• 23 R E C I P E – R E P O R T O N E N E R G Y A N D C L I M AT E P O L I C Y I N E U R O P E•••risk profile of the respective technologies. RECIPE finds that nuclear has a low eco-nomic option value.Despite Europe being less dependent on CCS technology, RECIPE finds that an Eu-wideregulatory framework is needed to set the rules for intensive testing and trialling ofthat technology.Energy research and development budgets and deployment of pilot plants needto be significantly increased and directed towards the renewables, energy-efficiencytechnologies, and CCS.I N DUSTRY ( C EM E NT AN D STE E L ):full auctioning of emission certificates is necessary.The steel and cement sectors are most dependent on clear and credible signals of rigidclimate policy. Therefore, mitigation efforts in these sectors would actually benefit in thelong-term from full auctioning of carbon emission rights under the European TradingScheme of CO2 allowances, because this would constitute such a signal. free allocationwould actually reward carbon intensive production and send the wrong signal to theindustry instead of incentivizing decarbonization.T R A N S P O R T:To date, no low-carbon transport technology has reached scalability. Policy optionstherefore need to focus on the following:• Effective and long term efficiency regulation for all vehicle classes.• Choices of technology options should be made considering the decarbonization options of the energy carrier. Today only electrification can tap low energy potential.• Transport must receive a larger share of research and development funds to support low carbon technologies’ large scale deployment.• Infrastructure investments should be redirected to alternative fuels and electrification infrastructure as well as to freight rail.• Technology policy alone is insufficient from today’s view ( IMAClIM model result ). Strong additional regulatory and pricing policies to reduce transport demand and induce modal shift will have to be established in order to contain rebound effects of efficiency gains.A G R I C U LT U R E :• In the future, the Eu Common Agricultural Policy’s funding instruments also need to be based on the greenhouse gas emissions ( ghg ) intensity of practices they support 17. Rewarding low ghg-intensive practices etc. may lead to reductions of 17 e. g. input or surplus amounts of greenhouse gas emissions from agriculture. nitrogen fertilizers• biomass use for energy production has a certain potential to mitigate CO2 emissions by substituting fossil fuels. The introduction of sustainability standards for bioenergy crops and biofuels is crucial to avoid environmentally and socially misguided developments.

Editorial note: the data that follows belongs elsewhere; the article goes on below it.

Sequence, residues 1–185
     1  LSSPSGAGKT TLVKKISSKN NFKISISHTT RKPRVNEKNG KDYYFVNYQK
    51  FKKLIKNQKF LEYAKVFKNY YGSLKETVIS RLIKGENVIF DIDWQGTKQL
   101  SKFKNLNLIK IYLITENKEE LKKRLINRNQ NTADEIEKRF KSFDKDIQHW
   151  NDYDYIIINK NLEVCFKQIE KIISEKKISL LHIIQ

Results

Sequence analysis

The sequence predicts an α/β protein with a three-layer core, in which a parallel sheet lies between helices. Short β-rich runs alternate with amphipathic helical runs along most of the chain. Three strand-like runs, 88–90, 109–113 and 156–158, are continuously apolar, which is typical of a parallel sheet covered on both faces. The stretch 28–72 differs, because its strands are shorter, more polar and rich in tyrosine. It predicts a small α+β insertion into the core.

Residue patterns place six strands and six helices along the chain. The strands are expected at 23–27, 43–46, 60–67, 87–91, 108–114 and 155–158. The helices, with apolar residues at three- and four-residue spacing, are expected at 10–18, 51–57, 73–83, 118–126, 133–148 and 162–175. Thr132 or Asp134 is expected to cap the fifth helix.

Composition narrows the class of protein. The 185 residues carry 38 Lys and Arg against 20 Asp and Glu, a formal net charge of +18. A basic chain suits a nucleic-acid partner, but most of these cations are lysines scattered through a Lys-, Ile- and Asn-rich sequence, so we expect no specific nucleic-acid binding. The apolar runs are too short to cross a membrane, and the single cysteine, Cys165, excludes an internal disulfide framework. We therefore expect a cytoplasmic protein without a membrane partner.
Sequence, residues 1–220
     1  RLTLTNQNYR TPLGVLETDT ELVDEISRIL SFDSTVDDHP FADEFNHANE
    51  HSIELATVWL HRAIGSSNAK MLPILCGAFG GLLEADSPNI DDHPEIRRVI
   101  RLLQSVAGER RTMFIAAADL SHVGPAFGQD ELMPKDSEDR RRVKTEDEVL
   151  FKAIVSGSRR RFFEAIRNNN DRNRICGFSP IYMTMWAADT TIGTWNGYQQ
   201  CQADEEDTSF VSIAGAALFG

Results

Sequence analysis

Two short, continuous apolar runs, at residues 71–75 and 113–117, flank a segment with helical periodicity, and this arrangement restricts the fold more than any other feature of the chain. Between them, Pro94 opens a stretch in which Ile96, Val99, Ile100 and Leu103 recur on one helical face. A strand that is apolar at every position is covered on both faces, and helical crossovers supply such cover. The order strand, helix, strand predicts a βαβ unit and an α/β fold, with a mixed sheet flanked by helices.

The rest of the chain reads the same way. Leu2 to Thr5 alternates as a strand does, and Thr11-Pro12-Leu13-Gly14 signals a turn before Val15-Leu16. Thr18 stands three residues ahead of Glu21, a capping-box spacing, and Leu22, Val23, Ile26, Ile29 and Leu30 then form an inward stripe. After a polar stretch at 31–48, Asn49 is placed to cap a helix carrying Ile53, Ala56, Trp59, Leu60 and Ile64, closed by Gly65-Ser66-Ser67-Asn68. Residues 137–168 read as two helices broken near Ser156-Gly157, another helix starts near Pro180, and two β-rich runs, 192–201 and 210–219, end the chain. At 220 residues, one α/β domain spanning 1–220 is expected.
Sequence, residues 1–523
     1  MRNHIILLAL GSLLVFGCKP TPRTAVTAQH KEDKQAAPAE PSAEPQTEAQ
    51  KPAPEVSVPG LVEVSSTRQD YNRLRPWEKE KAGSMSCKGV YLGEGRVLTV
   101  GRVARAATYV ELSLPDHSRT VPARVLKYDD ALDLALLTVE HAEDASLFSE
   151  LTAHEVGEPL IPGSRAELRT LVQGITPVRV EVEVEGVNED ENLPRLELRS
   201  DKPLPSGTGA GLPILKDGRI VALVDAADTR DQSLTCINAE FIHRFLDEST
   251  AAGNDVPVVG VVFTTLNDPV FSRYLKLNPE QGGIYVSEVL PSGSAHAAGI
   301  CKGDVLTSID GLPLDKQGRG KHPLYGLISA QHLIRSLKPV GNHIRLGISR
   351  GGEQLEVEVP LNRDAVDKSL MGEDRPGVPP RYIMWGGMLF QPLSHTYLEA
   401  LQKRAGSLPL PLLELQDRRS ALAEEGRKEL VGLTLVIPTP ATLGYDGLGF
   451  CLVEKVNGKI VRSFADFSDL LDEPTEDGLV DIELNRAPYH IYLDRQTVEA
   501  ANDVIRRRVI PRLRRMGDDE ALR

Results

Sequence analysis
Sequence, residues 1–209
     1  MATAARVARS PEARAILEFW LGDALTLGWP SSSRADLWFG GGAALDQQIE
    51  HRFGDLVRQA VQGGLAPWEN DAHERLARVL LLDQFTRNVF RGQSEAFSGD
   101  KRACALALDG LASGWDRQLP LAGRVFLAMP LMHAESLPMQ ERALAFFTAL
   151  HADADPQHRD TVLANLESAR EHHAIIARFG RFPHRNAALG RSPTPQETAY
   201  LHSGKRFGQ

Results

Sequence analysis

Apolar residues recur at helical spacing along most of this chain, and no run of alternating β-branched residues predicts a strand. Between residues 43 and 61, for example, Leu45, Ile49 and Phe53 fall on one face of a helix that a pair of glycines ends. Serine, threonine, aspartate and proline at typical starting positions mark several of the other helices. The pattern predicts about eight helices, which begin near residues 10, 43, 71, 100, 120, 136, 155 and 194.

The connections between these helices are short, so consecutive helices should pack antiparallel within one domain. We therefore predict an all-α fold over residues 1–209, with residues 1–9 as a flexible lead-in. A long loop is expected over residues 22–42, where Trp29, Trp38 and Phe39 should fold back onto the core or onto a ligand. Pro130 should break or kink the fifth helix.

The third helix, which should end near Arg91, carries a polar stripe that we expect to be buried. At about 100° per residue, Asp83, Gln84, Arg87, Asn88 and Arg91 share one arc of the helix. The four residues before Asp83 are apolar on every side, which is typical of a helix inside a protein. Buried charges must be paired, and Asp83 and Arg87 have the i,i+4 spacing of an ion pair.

• 24 R E C I P E – R E P O R T O N E N E R G Y A N D C L I M AT E P O L I C Y I N E U R O P E••• R E CO M M EN DAT I O N Sto Investors ( by sector ):The shift to a low-carbon economy is a transformation process that requires significantinvestment volumes. RECIPE projects investments in low-carbon technologies to amount toabout 0.2 % to 1 % of world gDP ( over 21st century ), while investments in conventionalfossil fuel based sources of energy generation would fall by uS $ 300 to 500 bn.A significan part of these investments needs to be raised by private investors.P O w E R & h E AT:• Investments into coal fired power plants without CCS have to be phased out immediately in order to limit global warming below 2°C – or the likelihood of those to be rendered stranded investments from 2020 onwards will increase significantly.• Technology choices need to be made in considering the full and comprehensive overview of risks attached to the technology – current assessments partly miss out on pricing all risk components – investors need to take a holistic approach. The key investment areas for the private sector in power and heat production and diffusion will be in renewable energies, storage systems and grid development. Additional Investments in low carbon technologies in the range of 0.2 % to 1 % of world gDP over the course of the 21st century are required.I N D U S T R Y:• The decarbonization of Europe’s steel and cement industries as described in the RECIPE scenarios proceeds in partly overlapping stages:• Efficiency improvements are foreseen as the only economical option by 2020 given existing installations.• with an expected major new investment cycle in the industry, electrification of processes to reduce emissions from direct fuel use and the development of new, less carbon intensive processes or technologies follow from 2020.• Carbon constraints will cause significant transformation in the industry. The potential impacts will have to be integrated into assessing value at risk or opportunities for investors.T R A N S P O R T:• Investments need to be considered with a time horizon to and beyond 2015 / 20 when transport will become the focus of carbon regulation. growth in fossil and other high- carbon fuel use is not acceptable when aiming to avoid dangerous climate change.• Electric vehicle infrastructure and electric fleets are priorities and key fields for investments to create market dynamics while RECIPE points to the uncertainties for how to decarbonise the transport sector in total.• location of production facilities and structure of supply chains for transport intensive industries will play a more crucial role as transport moves to the centre of carbon regulation and international transport is at the focus of an international climate regime.• biomass can only be accepted if it is sustainably produced and all ( indirect ) carbon emissions implications from land use changes are captured.